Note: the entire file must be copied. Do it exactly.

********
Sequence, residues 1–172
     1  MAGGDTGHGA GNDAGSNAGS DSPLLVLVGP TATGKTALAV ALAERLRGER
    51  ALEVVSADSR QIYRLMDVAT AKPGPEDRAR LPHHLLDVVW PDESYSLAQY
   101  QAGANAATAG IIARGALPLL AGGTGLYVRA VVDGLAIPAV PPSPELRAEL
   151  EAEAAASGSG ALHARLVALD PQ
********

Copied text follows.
Sequence, residues 1–172
     1  MAGGDTGHGA GNDAGSNAGS DSPLLVLVGP TATGKTALAV ALAERLRGER
    51  ALEVVSADSR QIYRLMDVAT AKPGPEDRAR LPHHLLDVVW PDESYSLAQY
   101  QAGANAATAG IIARGALPLL AGGTGLYVRA VVDGLAIPAV PPSPELRAEL
   151  EAEAAASGSG ALHARLVALD PQ